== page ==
Tantalum Oxide-Polymer Composites

  • Stephen T. Wellinghoff
  • Scott F. Timmons
Chapter

Abstract

Ceramers made from tantalum oxide and ductile engineering thermoplastics have potential for making X-ray absorbing, chemically resistant optical elements for space uses. To fabricate these materials, powders of general composition TaxOy(OSi(Me)3)z have been made by hydrolyzing Ta(OEt)5 with formic acid in the presence of C1Si(Me)3. These powders dissolve in alcohols with the replacements of the trimethyl siloxy group with the alkoxy moiety which may be of the group ethoxy, methoxy, and methoxy ethoxy. The soluble oligomeric tantalum oxide cluster can be mixed in any proportion with methoxyethanol solutions of phenoxy (hydroxy aryl-alkyl ether) polymer to form clear solutions which can be cast into films and subsequently powdered in liquid nitrogen. The powder with tantalum oxide weight percentages less than 60% (60 Ta-40 phenoxy) can be compression molded at 150°C into plaques that are transparent to visible light above 400 nm.

Although ultraviolet-visible (UV-Vis) spectroscopy reveals no change of the chemical resistance of the 60 Ta-40 phenoxy films was tested by exposure of N2H2—H2O for 2 hr at room temperature, there are some minor changes observed in the infrared (IR) spectrum of exposed thin films.

The 60 Ta-40 phenoxy films can be cast and compression molded into plaques which have the potential for high X-ray absorption, hydrazine resistance and good mechanical and optical properties.

Keywords

Mold Ductility Oligomer Epoxide Hydrazine 

Preview

Unable to display preview. Download preview PDF.

Unable to display preview. Download preview PDF.

References

  1. 1.
    B.M. Novak, Hybrid Nanocomposite Materials–Between Inorganic Glasses and Organic PolymersAdv. Mat., 5(6):422 (1993).CrossRefGoogle Scholar
  2. 2.
    B.M. Novak and C. Davies, Inverse Organic-Inorganic Composite Materials 2. Free-Radical Routes into Nonshrinking Sol-Gel Composites, Macromol. 24:5481 (1991).CrossRefGoogle Scholar
  3. 3.
    “Columbium and Tantalum”, F.T. Sisco and E. Epremian, eds., Wiley, New York (1963).Google Scholar
  4. 4.
    V.K. Sethi and R. Gibala, The Effect of Anodic Oxide Coatings on the Mechanical Behavior of Niobium and Tantalum Single Crystals, Thin Solid Films, 39:79 (1976).CrossRefGoogle Scholar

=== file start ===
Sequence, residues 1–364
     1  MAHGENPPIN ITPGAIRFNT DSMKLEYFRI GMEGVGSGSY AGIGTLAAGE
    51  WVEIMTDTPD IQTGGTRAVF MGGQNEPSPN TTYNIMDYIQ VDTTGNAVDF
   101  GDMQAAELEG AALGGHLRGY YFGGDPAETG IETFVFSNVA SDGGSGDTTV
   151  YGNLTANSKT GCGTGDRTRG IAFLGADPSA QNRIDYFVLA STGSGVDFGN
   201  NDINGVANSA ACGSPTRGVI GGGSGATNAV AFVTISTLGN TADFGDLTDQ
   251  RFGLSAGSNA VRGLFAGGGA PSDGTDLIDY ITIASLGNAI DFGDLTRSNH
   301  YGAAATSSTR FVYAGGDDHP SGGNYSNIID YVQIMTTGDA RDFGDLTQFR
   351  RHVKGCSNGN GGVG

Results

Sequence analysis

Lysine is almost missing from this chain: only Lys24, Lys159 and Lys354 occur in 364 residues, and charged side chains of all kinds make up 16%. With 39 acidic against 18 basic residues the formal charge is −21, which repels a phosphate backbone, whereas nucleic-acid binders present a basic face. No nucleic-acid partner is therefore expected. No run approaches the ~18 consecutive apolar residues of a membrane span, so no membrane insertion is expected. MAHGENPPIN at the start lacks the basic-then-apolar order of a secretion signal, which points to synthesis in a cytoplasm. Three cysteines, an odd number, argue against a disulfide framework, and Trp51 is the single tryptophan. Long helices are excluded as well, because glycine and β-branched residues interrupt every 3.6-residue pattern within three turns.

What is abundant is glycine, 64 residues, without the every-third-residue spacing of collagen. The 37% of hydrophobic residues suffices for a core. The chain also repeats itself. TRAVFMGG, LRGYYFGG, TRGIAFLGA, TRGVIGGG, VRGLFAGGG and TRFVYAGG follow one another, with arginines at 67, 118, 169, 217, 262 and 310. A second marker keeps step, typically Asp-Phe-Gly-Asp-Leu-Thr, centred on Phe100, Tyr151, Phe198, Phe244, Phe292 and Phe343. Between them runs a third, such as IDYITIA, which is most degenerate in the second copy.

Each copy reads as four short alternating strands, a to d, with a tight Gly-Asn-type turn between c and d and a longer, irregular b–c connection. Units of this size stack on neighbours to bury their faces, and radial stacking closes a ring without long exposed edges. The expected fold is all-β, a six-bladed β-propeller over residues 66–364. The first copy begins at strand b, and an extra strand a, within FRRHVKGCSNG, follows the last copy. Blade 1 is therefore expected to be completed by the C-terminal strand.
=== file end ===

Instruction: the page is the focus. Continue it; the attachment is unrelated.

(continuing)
5. 5.
    S.C. Lee, Effective Propagation Constant of Fibrous Media Containing Parallel Fibers in the Dependent Scattering Regime, J.Heat Transfer, 114:473 (1992).CrossRefGoogle Scholar
  6. 6.
    “International Tables for X-ray Crystallography, Vol.III”, C.H. Maegilllavrey and C.D. Rieke, eds., Kynoch Press, Birmingham, Engl. (1962).Google Scholar
  7. 7.
    D.C. Bradley and H. Holloway, Metal Oxide Alkoxide Polymers, Can. J. Chem., 39:1818 (1961).CrossRefGoogle Scholar
  8. 8.
    R.O Mehrotra and P.N. Kapoor, Alcoholysis Reactions of Niobium and Tantalum Pentaalkoxides; Reaction of Tantalum Ethoxide with Glycols, J. of Less Common Metals, 10(5):354 (1966); 10(4):237 (1966).CrossRefGoogle Scholar
  9. 9.
    R.C. Mehrotra and P.N. Kapoor, Reaction of Tantalum Ethoxide with P-oxo Esters; Reaction of Tantalum Ethoxide with Organic Esters, J.Less Common Metals, 7(6):453, (1964); 10(1):66 (1966).CrossRefGoogle Scholar
  10. 10.
    W.F. Hale, Phenoxy Resins, Encyl. Poly. Sci. Tech., 10:111 (1969).Google Scholar
  11. 11.
    H. Schmidbaur, High Resolution Nuclear Magnetic Resonance Spectra of Methyl Silicon Compounds, JACS, 85:2336 (1963).CrossRefGoogle Scholar
  12. 12.
    W. McFarlane and J.M. Seaby, Studies of Silicon-29 Chemical Shifts in Methylsilyl Carboxylates by Heteronuclear Magnetic Double Resonance, JCS, Perkins Transactions, Part II, 1561 (1972).CrossRefGoogle Scholar
  13. 13.
    L.J. Bellamy, “The Infra-red Spectra of Complex Molecules”, John Wiley, New York, (1958).Google Scholar
  14. 14.
    H. Rizkalla, Investigation into the Mechanism of Ductility of Thin Amorphous Ta205 Films, Ph.D. Thesis, University of Minnesota, (1984).Google Scholar
  15. 15.
    “Narrow Band Absorbers for Space Based Optics,” Final Report WPAFB (Honeywell Prime Contract F33615–86-C-5065, SwRI Subcontract 01–1719, April 1990).Google Scholar

Copyright information

© Springer Science+Business Media New York 1994

Authors and Affiliations

  • Stephen T. Wellinghoff
    • 1
  • Scott F. Timmons
    • 1
  1. 1.Chemistry and Chemical Engineering DivisionSouthwest Research InsituteSan AntonioUSA

Personalised recommendations